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Discussion Starter · #1 ·
Been looking for one of these in nickle,"in real life",NOT on the web sites-and found one today for $450.

About a 98% gun(no box etc.) has been fired,but finish is in fine shape,grips seemed never to have been off the gun.
Once I give the gun a good cleaning inside(and polishing outside),it will be out my back door and onto my range to try it out.

Will be the closest I ever get to a 1952 Border Patrol,unless I build one!!

But less than 1200 of these Mk.IIIs in nickle made(this one made in '72 according to serial #),and I suspect seller hadn't done his homework,as it was just tagged,"Nickle Trooper .357"--$450.

Bud
/forums/images/graemlins/grin.gif /forums/images/graemlins/grin.gif
 

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Super nice find.

I love these folks that are to lazy, or in a hurry to do their homework, and mark some of their revolvers wrong.

We picked up two in the last week that were miss identified.

Makes our day!

Bob
 

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Okay, fellas, I am looking at the MK III Series in the TBOCF and I do not see anything about Border Patrol. And I don’t know what a 1952 Border Patrol is either, dadgummit! (Though I am pretty sure I need one ‘cause that is my birth year.)

I do know about the BP New Services, thank goodness.

So, ‘fess up. Whatta we talkin’ about here, huh?!
 

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The 1952 Colt Border Patrol was a Colt Official Police with a heavy barrel and marked on the barrel as the "Border Patrol" for issue to the US Border Patrol Service.
There were only 500 made, all for official issue.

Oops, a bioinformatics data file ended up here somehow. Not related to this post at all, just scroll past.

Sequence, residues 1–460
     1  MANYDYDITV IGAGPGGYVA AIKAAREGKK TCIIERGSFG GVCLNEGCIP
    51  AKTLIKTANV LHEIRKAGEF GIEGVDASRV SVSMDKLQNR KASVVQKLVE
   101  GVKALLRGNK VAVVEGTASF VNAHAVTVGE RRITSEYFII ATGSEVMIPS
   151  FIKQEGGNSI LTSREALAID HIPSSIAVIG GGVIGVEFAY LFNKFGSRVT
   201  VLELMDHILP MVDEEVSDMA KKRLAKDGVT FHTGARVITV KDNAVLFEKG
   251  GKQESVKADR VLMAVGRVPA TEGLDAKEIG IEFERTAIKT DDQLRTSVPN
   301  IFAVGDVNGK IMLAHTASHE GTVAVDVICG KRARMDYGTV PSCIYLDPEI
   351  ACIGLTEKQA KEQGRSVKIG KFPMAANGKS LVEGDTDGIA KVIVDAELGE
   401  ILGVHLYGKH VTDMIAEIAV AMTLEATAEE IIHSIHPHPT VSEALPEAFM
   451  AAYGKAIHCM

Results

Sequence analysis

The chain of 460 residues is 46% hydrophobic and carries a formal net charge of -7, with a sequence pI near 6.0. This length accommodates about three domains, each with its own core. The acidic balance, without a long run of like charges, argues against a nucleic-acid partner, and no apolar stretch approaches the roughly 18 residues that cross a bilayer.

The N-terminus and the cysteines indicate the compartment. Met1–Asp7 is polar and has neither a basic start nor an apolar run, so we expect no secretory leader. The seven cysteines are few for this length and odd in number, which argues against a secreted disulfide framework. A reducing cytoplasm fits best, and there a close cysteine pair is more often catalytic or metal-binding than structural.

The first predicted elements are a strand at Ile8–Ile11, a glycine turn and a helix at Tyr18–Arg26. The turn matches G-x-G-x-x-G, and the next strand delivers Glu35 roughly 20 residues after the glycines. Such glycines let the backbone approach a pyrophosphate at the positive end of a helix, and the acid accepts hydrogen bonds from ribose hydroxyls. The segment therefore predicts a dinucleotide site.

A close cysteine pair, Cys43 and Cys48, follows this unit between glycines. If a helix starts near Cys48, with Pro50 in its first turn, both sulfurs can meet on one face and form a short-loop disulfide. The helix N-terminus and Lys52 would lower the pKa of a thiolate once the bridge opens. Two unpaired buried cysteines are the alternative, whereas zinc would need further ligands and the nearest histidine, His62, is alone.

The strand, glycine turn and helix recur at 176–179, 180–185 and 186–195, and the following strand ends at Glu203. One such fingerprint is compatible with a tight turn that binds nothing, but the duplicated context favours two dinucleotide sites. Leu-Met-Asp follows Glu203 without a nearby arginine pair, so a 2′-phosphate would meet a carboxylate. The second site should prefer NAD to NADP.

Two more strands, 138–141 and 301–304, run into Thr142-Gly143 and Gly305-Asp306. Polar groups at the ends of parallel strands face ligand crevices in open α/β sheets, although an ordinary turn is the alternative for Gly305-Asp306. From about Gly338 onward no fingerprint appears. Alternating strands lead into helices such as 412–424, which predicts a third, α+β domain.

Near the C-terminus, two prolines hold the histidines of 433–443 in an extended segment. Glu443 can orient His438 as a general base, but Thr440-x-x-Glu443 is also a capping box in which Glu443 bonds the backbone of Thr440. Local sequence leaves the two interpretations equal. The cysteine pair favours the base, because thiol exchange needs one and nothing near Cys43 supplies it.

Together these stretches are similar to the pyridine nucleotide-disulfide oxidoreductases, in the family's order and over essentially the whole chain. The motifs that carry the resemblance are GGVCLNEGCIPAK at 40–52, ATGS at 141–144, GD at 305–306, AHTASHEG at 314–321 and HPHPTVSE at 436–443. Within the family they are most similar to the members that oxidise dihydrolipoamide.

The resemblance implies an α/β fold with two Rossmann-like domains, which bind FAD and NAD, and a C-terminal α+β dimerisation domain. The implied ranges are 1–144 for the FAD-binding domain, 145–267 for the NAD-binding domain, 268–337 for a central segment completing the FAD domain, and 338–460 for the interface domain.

This model is extremely rare, and prices are astronomical on the rare occasion one comes up for sale.
These are generally a high-end collectors gun.

The second issue Border Patrol was a Trooper Mark III marked on the barrel "Border Patrol", and was also official issue. It was made from 1970 to 1975.
This model seems to have had a slightly lesser quality polish than the commercial Trooper Mark III.

There were 5356 made in blue, and 1152 made in bright nickel.

Unlike the first issue, there was an over-run of these that were sold to the public.
The official issue guns have US Border Patrol hand stamps on the side of the frame.
 

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Thanks, dfariswheel for the details, and thanks BBS for the pix. I do find these conversations a whole lot more understandable when I know what the heck we are talking about!

[ QUOTE ]
...prices are astronomical on the rare occasion one comes up for sale.
These are generally a high-end collectors gun.


[/ QUOTE ]

Hmm. Now that does not sound like me, unfortunately. /forums/images/graemlins/frown.gif On the other hand, if my wife really loves me, she oughta buy me one for my birthday next year, right?! /forums/images/graemlins/laugh.gif
 

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Discussion Starter · #7 ·
Yeah,that "First Model" Border Patrol is very rare-thanks to our Govt. destroying them along with most other surplus guns used by military and other agencies. There was a time when the Govt. TRUSTED uts citizens,and sold guns surplus,via NRA etc.!!!

Some "reputable"(??) gun books say that the 1952 Border Patrol was built on the Police Positive Frame!! Gawd! at 35-36 oz. that 4" "stovepipe bbl." would have to have been made out of lead to add 12-13 oz. to that 23 oz. PPS in 4"!!!

No,it is in the Official Police serial range for 1952. Best photo is in Severns' Colt Firearms book. Coltwood stocks.

Mentioned earlier that I toyed with the idea of building a 1952 Border Patrol,by finding a "shootable O.P." than using the heavy bbl from a 4" Trooper(or "357" in .38.357,and replacing the ramp front with one found on the Border Patrol. Hell,mine would have been only for shooting,but I really wonder how many spurious or fake copies there are out there???